Tuesday, November 24, 2015
Frost occurs when temperatures approach 32 degrees, freezing the dew upon the plant surface and more importantly, the water that is present inside the plants’ cells. The expanding pressure of the freezing water inside the cell stretches the cell membrane, and subsequently the membrane loses all of its elasticity and resiliency that enable it to withstand outside forces such as foot traffic, etc. In this state, the membrane cannot absorb impact or stretch and re-conform to pressure, so it breaks, causing the cell fluid to leak after thawing, killing the cell completely. If enough cells are affected, the whole turf plant will die, and if enough plants are affected, large areas of turf, whether it is greens, tees, fairways, or rough, can be killed.
An easy way to understand this phenomenon is to imagine a water balloon. The balloon skin is elastic, flexible, and can easily supply generous “give” to forces exerted upon it. But when the balloon is frozen, the skin is stretched by the expansion of water as it turns to ice, and it becomes thin, rigid, and brittle, unable to flex against outside pressures. Its only “give” is to break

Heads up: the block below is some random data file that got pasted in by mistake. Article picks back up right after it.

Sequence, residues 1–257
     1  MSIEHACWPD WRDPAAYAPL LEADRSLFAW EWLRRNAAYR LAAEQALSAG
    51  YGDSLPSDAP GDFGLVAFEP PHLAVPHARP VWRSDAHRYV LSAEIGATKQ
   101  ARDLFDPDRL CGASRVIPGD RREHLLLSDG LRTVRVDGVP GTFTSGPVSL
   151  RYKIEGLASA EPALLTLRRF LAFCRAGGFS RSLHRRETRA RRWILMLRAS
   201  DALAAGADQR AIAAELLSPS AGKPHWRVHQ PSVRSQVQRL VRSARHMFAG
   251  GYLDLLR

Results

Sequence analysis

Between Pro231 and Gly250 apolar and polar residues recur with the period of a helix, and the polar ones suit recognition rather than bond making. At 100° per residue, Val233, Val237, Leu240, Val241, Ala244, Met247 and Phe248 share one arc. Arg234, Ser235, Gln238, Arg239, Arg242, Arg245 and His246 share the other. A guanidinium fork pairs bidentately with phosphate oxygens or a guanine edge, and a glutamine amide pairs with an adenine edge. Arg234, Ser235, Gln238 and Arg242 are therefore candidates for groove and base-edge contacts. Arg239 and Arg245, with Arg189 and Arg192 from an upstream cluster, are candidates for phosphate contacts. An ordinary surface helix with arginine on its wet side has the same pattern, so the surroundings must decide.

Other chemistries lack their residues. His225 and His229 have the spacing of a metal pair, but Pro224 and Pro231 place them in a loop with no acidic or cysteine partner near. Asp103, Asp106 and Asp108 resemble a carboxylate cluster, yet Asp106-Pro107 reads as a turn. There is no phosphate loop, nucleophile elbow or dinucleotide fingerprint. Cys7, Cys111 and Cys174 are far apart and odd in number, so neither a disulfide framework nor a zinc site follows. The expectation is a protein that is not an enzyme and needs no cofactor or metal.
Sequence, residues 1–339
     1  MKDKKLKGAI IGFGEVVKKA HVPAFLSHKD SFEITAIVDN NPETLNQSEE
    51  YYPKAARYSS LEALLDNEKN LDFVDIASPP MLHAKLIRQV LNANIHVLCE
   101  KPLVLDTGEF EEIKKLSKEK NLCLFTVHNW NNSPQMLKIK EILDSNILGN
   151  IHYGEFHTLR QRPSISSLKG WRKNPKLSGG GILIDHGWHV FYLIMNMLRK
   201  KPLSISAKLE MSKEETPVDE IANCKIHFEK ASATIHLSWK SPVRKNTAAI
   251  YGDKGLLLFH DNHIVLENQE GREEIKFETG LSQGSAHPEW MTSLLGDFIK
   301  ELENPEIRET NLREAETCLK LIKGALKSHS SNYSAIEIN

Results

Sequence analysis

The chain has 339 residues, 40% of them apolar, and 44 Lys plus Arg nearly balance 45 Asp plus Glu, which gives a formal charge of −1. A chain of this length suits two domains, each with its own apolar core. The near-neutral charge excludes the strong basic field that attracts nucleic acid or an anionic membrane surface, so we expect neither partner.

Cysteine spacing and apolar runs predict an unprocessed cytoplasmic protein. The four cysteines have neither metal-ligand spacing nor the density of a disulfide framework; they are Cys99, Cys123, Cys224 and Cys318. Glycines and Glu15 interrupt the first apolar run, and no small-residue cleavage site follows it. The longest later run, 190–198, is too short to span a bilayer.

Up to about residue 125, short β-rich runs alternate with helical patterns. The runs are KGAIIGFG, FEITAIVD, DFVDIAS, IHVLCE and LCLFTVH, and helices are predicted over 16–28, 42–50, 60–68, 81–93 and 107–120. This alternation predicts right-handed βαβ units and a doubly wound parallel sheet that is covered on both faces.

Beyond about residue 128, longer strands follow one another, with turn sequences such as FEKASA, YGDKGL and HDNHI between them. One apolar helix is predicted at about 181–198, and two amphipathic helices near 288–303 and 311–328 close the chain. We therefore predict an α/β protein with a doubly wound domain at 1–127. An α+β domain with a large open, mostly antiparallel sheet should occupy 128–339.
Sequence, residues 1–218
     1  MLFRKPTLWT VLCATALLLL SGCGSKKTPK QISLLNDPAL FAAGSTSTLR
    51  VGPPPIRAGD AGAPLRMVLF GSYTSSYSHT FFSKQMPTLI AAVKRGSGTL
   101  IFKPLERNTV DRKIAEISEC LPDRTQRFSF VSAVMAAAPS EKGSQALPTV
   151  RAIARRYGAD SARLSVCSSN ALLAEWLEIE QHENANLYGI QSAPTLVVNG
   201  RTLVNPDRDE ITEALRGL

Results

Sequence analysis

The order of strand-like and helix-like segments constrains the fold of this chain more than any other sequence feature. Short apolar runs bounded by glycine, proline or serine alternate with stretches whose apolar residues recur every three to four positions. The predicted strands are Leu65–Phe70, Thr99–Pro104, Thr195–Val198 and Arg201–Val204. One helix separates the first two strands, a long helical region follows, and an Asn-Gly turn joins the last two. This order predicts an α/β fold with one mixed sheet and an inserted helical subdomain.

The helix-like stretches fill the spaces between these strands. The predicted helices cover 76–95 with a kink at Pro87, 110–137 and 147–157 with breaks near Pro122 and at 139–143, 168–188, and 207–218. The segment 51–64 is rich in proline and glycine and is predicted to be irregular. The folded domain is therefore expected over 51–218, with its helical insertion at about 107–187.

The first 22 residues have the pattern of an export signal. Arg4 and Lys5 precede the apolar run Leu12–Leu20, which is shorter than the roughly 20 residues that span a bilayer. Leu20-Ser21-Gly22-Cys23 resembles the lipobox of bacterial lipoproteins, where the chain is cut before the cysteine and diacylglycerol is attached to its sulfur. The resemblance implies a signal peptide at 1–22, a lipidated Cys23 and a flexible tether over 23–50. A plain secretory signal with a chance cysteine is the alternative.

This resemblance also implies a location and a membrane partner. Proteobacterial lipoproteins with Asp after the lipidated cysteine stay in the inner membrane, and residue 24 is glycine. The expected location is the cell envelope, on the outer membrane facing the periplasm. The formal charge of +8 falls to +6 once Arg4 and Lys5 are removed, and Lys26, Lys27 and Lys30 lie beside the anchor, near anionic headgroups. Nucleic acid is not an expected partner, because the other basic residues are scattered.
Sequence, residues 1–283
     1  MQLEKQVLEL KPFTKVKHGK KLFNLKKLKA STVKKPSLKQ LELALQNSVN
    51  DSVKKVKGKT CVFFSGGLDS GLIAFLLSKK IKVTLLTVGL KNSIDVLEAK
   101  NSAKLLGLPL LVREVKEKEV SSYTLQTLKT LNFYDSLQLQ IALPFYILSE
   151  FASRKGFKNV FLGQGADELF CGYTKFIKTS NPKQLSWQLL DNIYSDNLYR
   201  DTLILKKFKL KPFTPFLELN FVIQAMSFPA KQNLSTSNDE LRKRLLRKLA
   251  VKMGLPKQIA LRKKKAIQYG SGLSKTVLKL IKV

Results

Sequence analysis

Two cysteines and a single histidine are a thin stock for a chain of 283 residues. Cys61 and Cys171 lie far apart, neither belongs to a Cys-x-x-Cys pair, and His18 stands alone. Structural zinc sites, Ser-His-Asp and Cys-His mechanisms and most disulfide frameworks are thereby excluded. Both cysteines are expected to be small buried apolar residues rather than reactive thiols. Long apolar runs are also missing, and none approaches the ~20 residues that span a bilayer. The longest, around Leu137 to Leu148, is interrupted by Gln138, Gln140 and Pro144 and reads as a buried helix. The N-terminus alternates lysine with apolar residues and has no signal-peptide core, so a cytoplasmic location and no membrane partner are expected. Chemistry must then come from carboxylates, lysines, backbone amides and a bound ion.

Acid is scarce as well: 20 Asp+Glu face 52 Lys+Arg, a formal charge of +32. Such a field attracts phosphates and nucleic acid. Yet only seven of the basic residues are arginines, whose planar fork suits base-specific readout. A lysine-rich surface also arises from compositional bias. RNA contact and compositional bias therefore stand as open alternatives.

By delaying play until the frost is gone and the temperatures moderate, we give time to allow the plant cells to thaw and the cell membranes to regain their original elastic qualities that enable them to withstand traffic.
Saturday, October 31, 2015
Within the week, we put down our syringe hoses and picked up rakes!
It is just the start of the leaf season which will not end until next spring. We have many trees, and many varieties, so the leaf drop does not occur at the same time! Although I will not account for every variety, leaf drop starts with the maples and cherries, then the hickory, sassafras and dogwood, and finally the oaks that extend their leaf drop well into the next spring. Throughout this time, the evergreens drop last year’s needles, acorns fall, twigs break, and so it goes. Managing leaves and tree debris becomes a full time, full crew, job.